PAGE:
Wednesday, October 29, 2008

Do you talk to yourself?

I sure do. Especially when I'm driving.

Maybe I talk to Mercy, but that's about the same thing as talking to myself. All she hears is, "blah blah blah blah blah blah pretty girl blah blah blah blah blah blah Mercy blah blah blah blah blah go for a walk? blah blah blah blah..." Amen.

NPR/public radio is my station of choice while in transit, and to say the least politics are front and center for discussion fodder as we fast approach a truly historic election.

Maybe it's because this month has been a go-go-go month for me...maybe because I recently navigated the masses at WalMart...maybe it was because I've just hit certain points where my brain slams on the brakes from overload. With that information in mind, I'm driving and listening to Neal Conan's "Talk of the Nation", and he's reading emails and taking phone calls for his interviewees to answer. Not only was I talking to myself, I was talking to the radio...

You've been in this situation before. Maybe differing circumstances, but the idea is still there. Someone makes a statement, and then the person giving the answer tries to be polite and politically correct...when, in fact, the best answer (the one we'd all love to hear) is to immediately say, "That's the most idiotic thing I've heard in a long time. How stupid."

Tuesday's program was about people who were not going to vote in this election, people who could but were choosing not to exercise their precious right to do so. Most that I heard were abstaining because they don't like either candidate...


"ELECTILE DYSFUNCTION" is the inability to become aroused over andy of the choices for President put forth by either party in the 2008 election year."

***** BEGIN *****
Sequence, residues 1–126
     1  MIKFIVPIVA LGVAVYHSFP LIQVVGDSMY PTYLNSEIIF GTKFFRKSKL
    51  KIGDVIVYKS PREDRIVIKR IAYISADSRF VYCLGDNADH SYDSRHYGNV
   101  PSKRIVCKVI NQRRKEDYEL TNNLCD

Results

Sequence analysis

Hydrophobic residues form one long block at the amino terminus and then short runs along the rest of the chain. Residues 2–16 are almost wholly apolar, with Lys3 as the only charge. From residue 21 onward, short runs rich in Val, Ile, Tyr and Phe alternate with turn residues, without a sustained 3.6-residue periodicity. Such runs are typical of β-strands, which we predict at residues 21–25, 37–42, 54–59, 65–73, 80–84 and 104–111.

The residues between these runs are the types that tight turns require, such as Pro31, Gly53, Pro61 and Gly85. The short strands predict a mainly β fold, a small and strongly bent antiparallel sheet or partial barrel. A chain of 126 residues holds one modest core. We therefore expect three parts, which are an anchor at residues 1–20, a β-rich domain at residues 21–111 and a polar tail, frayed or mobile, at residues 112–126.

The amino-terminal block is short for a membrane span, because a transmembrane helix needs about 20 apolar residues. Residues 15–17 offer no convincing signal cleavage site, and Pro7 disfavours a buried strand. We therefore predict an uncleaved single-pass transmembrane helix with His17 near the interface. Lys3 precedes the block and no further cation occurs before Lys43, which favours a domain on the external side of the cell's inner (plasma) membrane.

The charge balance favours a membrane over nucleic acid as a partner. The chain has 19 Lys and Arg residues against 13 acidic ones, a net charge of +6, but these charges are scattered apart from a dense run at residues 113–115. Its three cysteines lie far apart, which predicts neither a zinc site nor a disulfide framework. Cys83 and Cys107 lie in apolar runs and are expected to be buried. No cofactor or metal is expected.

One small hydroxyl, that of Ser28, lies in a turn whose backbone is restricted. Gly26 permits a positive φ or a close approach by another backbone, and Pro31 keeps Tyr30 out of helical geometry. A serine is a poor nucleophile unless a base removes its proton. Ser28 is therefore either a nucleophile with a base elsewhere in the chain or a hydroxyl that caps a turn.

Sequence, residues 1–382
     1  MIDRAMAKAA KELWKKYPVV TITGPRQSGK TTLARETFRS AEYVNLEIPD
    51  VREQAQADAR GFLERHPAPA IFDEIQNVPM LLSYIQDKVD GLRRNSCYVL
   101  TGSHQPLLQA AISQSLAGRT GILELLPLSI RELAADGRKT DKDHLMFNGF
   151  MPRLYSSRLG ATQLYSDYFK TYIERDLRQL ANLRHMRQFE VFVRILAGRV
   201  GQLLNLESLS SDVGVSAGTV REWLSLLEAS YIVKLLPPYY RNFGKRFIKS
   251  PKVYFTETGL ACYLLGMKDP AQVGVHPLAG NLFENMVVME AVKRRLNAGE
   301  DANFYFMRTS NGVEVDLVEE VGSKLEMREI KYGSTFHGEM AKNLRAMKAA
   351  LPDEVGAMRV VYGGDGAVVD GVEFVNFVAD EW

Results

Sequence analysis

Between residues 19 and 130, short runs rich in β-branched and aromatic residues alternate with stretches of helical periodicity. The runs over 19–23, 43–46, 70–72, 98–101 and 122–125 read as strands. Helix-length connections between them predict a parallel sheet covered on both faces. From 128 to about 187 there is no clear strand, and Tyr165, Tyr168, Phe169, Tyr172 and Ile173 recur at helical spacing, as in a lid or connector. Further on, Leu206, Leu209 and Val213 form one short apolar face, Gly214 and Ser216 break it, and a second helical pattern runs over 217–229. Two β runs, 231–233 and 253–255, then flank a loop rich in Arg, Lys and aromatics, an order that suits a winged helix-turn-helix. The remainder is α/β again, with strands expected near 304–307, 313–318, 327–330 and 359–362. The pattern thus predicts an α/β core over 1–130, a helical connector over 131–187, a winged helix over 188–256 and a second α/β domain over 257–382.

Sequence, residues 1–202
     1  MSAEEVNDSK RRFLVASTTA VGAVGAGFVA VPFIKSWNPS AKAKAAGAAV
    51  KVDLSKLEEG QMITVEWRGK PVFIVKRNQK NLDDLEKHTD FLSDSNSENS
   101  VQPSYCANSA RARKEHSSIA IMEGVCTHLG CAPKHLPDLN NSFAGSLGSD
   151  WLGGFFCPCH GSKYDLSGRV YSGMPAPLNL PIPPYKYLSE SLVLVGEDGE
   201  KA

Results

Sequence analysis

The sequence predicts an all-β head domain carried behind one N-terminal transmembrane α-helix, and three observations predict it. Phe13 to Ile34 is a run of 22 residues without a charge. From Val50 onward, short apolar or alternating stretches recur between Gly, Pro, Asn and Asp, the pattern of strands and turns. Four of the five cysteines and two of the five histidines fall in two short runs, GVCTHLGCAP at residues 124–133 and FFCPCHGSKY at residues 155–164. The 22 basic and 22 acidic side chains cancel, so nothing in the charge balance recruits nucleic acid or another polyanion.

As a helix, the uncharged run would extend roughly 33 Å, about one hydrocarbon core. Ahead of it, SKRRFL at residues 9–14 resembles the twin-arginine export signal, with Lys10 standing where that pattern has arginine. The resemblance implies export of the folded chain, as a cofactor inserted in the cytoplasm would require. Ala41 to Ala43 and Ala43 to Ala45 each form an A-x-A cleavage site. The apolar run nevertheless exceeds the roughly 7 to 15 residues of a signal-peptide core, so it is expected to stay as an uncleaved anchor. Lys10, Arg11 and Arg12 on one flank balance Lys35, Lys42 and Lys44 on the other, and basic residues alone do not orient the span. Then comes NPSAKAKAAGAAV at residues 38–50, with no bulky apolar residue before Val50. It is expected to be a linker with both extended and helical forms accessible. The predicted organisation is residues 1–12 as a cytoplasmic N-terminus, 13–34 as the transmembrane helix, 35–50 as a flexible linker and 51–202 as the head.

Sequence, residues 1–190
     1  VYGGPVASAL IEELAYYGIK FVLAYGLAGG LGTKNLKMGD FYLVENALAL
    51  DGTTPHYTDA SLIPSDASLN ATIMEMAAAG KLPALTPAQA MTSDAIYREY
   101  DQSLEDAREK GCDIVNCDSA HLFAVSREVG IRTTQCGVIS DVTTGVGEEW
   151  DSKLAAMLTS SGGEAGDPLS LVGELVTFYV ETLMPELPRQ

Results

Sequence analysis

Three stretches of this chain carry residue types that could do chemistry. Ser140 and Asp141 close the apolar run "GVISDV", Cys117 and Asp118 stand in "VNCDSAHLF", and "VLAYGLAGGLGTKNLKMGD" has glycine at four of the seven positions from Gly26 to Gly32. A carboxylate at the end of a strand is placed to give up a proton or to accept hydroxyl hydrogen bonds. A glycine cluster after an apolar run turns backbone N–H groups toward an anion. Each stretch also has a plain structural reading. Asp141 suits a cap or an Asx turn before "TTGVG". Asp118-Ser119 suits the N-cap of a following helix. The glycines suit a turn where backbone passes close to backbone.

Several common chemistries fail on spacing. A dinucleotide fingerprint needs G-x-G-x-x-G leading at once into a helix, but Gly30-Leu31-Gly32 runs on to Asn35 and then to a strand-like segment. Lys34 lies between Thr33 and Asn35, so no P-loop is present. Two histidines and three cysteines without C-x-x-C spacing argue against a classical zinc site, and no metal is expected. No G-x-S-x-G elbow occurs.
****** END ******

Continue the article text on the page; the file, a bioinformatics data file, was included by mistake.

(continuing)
It just so happened the cartoon above came in a forwarded email as I was starting to write this post yesterday, ol' perfect timing. Listening to the program, I was truly amazed at some of the reasons people were giving for not voting...

I can understand someone having moved; they can't vote in their former state and they're too new of a resident to vote in their new home state...I would like to think we could standardize state rules, but that seems to be a pipe dream...

Then there is the 'convenience' of early voting. For many places (according to people I've heard), if you wrote a list of 100 adjectives to describe their early voting experience, you won't find 'convenience' on the list. I have no doubt it's working in some areas, but I've tried it and the lines/wait are prohibitive. If they opened early voting truly early, like 6am, I'd give it another try; alas, the hours are 11a to 7p, and by 11a I'm deep into my daily 'stuff' and by 7p I'm ready for bed, literally. On Conan's program were stories of multi-hour waits only to have to give up for other appointments, going through this multiple days as they won't be here to vote November 2...

But the ones that got my goat, that led to many of my rants at the radio itself, were the ones like these:

"I don't like McPain's voting record, but I just can't in all good conscience vote for someone named Obama..."

"I'm a christian and I feel something fundamentally wrong with voting for a Muslim..."

"I don't like either one so I'm not voting. Any other candidates don't stand a chance, so I'm not voting for anyone..."

Sadly, the list could go on. It's just that after hearing some of the listener's comments, what scared me most wasn't that they could think, believe, and say such things, but that there's a good chance they've had kids...

NOTE TO ALL Y'ALL: Elections go far, far beyond just the Presdiency....MANY local issues and positions that need leadership are at stake. Just like our government's response to the financial meltdown, a "do-nothing" approach is irresponsible and not a conscionable option in this a monumental election year.

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